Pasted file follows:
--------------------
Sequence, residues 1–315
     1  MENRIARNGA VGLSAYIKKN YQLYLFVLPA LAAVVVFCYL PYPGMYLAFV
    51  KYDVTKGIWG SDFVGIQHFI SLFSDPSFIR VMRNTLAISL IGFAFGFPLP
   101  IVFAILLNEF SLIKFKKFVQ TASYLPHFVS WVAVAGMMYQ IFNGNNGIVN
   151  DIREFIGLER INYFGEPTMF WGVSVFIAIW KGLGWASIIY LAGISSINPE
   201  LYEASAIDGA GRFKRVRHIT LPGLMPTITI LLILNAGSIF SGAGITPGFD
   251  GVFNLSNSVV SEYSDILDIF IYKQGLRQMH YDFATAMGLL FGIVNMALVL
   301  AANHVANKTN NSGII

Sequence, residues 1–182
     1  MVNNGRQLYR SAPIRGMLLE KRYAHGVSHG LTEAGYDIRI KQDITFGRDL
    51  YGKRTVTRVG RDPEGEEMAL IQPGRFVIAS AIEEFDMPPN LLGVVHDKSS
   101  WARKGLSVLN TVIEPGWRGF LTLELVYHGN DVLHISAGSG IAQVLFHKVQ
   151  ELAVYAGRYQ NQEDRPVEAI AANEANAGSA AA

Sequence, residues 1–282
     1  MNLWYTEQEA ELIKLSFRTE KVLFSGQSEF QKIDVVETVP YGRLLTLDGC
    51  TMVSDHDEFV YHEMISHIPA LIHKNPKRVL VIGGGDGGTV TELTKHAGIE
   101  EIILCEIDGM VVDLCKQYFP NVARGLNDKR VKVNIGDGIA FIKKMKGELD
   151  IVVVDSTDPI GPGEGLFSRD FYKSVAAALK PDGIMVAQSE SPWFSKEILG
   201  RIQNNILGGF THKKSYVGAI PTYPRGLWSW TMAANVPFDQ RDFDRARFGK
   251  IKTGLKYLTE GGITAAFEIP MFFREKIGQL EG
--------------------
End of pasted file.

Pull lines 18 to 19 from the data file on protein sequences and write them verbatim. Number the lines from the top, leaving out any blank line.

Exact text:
   151  IVVVDSTDPI GPGEGLFSRD FYKSVAAALK PDGIMVAQSE SPWFSKEILG
   201  RIQNNILGGF THKKSYVGAI PTYPRGLWSW TMAANVPFDQ RDFDRARFGK